Flat Out Celeste Book Review Pic 01 by Casey Carlisle.jpgGenre: Y/A, Contemporary

No. of pages: 336

From Goodreads:

For high-school senior Celeste Watkins, every day is a brutal test of bravery. And Celeste is scared. Alienated because she’s too smart, her speech too affected, her social skills too far outside the norm, she seems to have no choice but to retreat into isolation.

But college could set her free, right? If she can make it through this grueling senior year, then maybe. If she can just find that one person to throw her a lifeline, then maybe, just maybe.

Justin Milano, a college sophomore with his own set of quirks, could be that person to pull her from a world of solitude. To rescue her—that is, if she’ll let him.

Together, they may work. Together, they may save each other. And together they may also save another couple—two people Celeste knows are absolutely, positively flat-out in love.  

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I read the previous novels in this series, ‘Flat-Out Love’ and ‘Flat-Out Matt’ around two years ago, and ultimately lost my momentum with this collection from Jessica Park. The debut was draining – in a good way – all the feels from Julie’s story left me in a book coma for a few days. Then ‘Flat-Out Matt’ re-visited that dark place, as well as adding a touch of bland with a repetitive storyline we got in ‘Flat-Out Love’ this time told in Matt’s perspective. So I needed a break away from Julie and Matt’s world… and the narrative seemed to think so too, because ‘Flat-Out Celeste’ picks up years later. Celeste has grown up and is about to enter college. Don’t expect to get a lot of Julie and Matt in this novel, though we do get some more of their story. As the title suggests, we find out how Celeste has grown since Julie impacted on the Watkins family’s lives, and the challenges she now faces when more of her safety zone has to be left behind as she embarks on a tertiary education away from family and home.

flat-out-celeste-book-review-pic-02-by-casey-carlisleInitially some grammatical errors that should have been fixed within the first chapter immediately tarnished my excitement. And Celeste was cute when she was younger with her literal way of speaking. But now older, her speech pattern felt fake and a bit annoying. Especially with her naivety – she’s supposed to be intelligent, and being ignorant of a few things felt unrealistic and included as a hook or comedic device. I did not find it amusing.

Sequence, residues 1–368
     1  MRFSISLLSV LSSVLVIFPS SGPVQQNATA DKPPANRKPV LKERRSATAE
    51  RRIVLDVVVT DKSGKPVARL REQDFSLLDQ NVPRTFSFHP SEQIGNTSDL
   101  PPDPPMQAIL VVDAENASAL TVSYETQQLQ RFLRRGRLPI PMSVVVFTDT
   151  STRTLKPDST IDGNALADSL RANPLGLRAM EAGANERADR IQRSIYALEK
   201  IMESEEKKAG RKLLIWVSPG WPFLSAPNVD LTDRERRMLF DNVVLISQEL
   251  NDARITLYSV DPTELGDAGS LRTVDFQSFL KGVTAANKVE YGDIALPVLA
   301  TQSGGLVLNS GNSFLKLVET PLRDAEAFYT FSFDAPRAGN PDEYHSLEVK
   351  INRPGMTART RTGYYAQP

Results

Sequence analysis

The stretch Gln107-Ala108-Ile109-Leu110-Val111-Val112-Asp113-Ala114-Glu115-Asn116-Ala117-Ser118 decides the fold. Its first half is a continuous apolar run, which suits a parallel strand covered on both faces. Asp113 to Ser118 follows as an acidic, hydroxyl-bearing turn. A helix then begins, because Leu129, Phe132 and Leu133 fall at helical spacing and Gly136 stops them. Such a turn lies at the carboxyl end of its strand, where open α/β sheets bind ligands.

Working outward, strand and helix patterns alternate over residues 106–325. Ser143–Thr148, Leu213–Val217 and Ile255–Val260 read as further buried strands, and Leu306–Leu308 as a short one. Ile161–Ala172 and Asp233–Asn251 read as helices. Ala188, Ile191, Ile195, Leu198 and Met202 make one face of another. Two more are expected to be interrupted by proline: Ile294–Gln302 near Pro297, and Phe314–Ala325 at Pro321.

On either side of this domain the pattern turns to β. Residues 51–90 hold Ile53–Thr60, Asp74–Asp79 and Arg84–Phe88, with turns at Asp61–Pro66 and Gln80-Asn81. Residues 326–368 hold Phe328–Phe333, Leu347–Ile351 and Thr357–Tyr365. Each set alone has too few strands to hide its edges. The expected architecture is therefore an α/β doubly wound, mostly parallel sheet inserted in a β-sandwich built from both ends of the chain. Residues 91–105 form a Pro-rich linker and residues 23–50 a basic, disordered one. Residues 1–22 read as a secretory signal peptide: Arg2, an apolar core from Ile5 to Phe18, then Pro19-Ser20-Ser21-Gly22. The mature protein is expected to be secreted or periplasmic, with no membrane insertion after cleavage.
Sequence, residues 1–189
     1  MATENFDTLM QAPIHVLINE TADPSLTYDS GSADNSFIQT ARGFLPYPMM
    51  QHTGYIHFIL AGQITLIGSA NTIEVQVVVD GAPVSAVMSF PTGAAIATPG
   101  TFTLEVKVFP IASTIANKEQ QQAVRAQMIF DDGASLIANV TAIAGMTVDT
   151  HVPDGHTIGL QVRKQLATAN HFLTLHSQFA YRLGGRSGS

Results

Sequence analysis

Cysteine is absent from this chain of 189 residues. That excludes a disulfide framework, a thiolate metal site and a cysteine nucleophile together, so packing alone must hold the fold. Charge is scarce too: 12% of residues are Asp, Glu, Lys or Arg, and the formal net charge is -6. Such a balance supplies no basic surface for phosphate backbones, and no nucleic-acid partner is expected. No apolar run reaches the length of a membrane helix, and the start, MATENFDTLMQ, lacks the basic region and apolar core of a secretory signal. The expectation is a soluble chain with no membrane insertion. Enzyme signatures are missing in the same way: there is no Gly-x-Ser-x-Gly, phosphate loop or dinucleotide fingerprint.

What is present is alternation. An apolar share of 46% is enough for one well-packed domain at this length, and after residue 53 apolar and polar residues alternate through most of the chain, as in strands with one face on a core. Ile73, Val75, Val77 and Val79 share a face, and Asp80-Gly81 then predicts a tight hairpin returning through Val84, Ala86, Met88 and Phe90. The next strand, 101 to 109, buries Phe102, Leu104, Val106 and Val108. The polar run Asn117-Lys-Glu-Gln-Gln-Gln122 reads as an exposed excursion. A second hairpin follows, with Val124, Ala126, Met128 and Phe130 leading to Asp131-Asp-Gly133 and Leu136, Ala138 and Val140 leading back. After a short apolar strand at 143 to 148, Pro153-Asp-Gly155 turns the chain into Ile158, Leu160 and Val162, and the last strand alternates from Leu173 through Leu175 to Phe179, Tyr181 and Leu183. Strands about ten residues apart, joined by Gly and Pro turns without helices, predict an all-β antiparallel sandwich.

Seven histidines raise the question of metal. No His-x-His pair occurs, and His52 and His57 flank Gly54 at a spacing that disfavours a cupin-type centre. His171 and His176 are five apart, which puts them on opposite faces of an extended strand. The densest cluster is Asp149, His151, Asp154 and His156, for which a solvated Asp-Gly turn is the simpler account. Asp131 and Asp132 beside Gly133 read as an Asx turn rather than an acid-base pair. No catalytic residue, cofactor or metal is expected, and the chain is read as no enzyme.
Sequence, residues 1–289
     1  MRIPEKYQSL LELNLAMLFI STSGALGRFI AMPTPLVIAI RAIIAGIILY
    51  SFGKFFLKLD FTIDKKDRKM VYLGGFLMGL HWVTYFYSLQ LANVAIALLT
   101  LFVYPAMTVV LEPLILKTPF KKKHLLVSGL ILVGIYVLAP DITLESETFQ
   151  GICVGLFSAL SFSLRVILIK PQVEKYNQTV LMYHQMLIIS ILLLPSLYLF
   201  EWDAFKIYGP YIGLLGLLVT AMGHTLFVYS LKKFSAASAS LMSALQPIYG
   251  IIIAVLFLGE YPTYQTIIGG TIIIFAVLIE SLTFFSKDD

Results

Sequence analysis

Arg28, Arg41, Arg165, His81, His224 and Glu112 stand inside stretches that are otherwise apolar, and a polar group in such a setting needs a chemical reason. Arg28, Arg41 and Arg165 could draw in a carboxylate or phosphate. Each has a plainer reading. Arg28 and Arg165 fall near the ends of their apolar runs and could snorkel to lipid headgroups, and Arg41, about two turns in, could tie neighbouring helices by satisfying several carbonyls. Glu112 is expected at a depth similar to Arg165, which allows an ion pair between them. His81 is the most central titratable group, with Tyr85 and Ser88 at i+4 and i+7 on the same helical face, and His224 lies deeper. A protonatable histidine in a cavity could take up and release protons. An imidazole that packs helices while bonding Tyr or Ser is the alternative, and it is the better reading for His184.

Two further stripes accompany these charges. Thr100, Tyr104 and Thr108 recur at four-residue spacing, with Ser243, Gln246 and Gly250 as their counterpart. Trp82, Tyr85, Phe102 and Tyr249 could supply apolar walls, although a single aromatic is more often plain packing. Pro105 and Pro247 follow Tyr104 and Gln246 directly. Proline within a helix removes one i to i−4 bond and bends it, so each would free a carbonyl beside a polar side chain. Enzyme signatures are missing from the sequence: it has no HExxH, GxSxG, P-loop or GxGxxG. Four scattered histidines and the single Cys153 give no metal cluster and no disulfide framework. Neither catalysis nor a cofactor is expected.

After a few chapters in, the magic started coming back again. I began to like Celeste and got invested in her experiment to become a different, more likeable person. It has some light comical moments that did not rely on her lexicon. She transformed into an endearing character, if not a little insecure and lost.

We meet Justin, a goofy and adorable love interest with run-on sentences that reminds me of a few of my past boyfriends; so it wasn’t hard to instantly adore him. Around the middle of the book Justin starts calling Celeste the Snow Goddess, and I just about threw up in my mouth. His trying to be cheesy-romantic came off as tacky. But that was the only stand out moment that I experienced, the rest of the time he was nerd-girl-porn for me. Justin embodies patience, maturity, and clearly doesn’t like labels. He’s comfortable with who he is, and I just wish I could have a Justin all of my own in real life. *sigh*

Some parts of the book got a little waffly with rambling dialogue (which are character traits of both the leads, but after a while became slightly tiresome.) I felt we got a bit of a spoony ending – but it suited the characters and tone of the novel, so no complaints. Though, after the gut-wrenching climax of the predecessors in this franchise, I was expecting more. Overall ‘Flat-Out Celeste’ was enjoyable, more so than I expected. A great follow-up to end the trilogy that encapsulated some of the original charm with a softer tone. Recommended if you like a light contemporary with quirky characters.

Overall feeling: Sweet.

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Critique Casey by Casey Carlisle

© Casey Carlisle 2016. Unauthorized use and/or duplication of this material without express and written permission from this blog’s author and/or owner is strictly prohibited. Excerpts and links may be used, provided that full and clear credit is given to Casey Carlisle with appropriate and specific direction to the original content.